In 1982, President Reagan named to the U.S. Commission on Civil Rights a Philadelphia radio evangelist with no credentials for the job, the Rev. B. Sam Hart. Mr. Hart quickly became an embarrassment to the administration, and his nomination was withdrawn.
The next year the president switched strategies. Moving to take control of the commission, until then a thorn in his side, he offered three nominees with impeccable credentials who agreed with his positions on such issues as busing and affirmative action. The three, all Democrats, were Morris Abram, a longtime civil rights lawyer and former president of Brandeis University; Robert Destro, a law professor at Catholic University here, and John Bunzel, research fellow at the Hoover Institution and former president of San Jose State University.
The seriousness of these appointees helped to disarm the president's critics and gave new weight to his positions. Now that same gravity has come round to nip the administration itself in the rear.
Mr. Bunzel has written a letter to the chairman of the commission, Clarence Pendleton, urging him to resign. Mr. Pendleton, also a Reagan appointee, had been a relatively reserved figure before the 1984 election. Once the election was over, he shifted into a different gear, becoming more combative. Among other things, he began attacking the leaders of established civil rights organizations, calling them "media-designated black leaders," "the new racists," "immoral" and "part of a race industry and . . . a problem for black progress."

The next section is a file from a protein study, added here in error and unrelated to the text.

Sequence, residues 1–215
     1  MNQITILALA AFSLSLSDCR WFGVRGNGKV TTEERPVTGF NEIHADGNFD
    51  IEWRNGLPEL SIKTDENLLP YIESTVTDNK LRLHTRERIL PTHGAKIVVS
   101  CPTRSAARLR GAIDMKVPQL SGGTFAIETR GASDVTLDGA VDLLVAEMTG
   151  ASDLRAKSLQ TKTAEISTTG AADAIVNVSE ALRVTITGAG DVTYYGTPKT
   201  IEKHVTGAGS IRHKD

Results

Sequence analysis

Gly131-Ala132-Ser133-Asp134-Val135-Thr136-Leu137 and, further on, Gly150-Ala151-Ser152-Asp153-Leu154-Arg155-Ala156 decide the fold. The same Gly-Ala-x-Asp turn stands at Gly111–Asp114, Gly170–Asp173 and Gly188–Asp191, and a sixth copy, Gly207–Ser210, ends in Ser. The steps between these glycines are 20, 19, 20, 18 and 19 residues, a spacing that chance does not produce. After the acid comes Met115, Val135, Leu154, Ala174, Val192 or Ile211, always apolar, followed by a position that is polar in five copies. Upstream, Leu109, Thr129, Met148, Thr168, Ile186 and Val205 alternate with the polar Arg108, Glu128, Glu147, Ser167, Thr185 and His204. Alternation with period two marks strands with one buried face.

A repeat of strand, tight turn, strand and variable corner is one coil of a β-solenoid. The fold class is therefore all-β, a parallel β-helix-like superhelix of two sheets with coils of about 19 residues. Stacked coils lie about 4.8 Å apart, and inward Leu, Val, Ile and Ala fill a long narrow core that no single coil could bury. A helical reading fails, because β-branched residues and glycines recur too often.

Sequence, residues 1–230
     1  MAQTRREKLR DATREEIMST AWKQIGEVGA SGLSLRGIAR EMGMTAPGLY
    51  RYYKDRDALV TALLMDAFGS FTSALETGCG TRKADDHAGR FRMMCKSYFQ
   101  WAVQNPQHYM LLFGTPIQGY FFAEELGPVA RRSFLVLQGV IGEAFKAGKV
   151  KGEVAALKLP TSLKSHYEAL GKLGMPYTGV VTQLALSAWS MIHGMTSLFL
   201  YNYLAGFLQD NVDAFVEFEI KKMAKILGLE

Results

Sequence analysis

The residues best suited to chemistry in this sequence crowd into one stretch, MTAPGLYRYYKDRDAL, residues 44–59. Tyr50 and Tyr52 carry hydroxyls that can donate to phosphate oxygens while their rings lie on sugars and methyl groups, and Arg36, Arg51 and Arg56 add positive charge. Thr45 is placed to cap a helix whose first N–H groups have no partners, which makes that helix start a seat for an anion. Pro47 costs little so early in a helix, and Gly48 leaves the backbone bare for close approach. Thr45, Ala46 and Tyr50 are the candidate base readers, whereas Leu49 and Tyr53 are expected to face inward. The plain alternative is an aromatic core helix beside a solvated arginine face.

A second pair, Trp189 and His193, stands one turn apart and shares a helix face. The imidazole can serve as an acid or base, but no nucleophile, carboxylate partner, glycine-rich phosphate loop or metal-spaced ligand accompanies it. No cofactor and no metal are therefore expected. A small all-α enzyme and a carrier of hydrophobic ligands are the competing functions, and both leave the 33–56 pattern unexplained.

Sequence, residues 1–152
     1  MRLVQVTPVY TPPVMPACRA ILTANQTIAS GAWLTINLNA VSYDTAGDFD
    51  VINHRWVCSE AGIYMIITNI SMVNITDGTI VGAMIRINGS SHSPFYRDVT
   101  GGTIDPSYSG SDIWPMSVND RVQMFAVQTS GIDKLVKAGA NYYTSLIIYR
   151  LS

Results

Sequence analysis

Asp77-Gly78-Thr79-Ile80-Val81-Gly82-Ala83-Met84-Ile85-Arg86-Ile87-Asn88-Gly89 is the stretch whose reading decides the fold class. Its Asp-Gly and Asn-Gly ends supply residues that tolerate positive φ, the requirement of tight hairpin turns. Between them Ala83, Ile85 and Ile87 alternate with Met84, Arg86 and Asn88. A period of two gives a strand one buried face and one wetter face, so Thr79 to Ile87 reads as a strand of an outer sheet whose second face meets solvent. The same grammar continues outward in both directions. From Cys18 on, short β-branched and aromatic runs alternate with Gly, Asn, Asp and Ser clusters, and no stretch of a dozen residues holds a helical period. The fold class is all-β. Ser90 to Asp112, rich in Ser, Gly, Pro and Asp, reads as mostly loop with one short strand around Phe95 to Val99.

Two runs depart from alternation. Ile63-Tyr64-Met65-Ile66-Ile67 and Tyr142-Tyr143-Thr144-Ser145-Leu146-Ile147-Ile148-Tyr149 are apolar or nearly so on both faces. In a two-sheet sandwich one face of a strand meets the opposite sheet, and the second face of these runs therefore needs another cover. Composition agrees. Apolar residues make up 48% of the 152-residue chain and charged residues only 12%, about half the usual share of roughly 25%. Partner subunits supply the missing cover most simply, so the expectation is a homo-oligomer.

Their response was to break off completely an already reedy relationship with the commission and call the chairman a "lackey." Mr. Bunzel's belated response has also been to denounce him for cheapening the debate and costing the commission the very credibility that -- although Mr. Bunzel did not say so -- the appointments of 1983 helped to provide.
The letter is extraordinary in its directness. It says that Mr. Pendleton has "stifled, rather than contributed to, the kind of rational and respectful debate of complex issues that is much needed today."
"By attacking the motives and integrity of your opponents," it continues, "you have lost whatever opportunity you may have had to exert effective influence on the work in which we are all engaged. These men and women, and the organizations they have led, have played a major role in bringing about the legal and peaceful transformation of American life. They have a record of which they can be proud. While I often disagree with their approaches to affirmative action and other issues, I submit that they are not deserving of your contempt or derision."
Well said. Mr. Pendleton says he won't resign, but Mr. Bunzel is right: it would help if he did.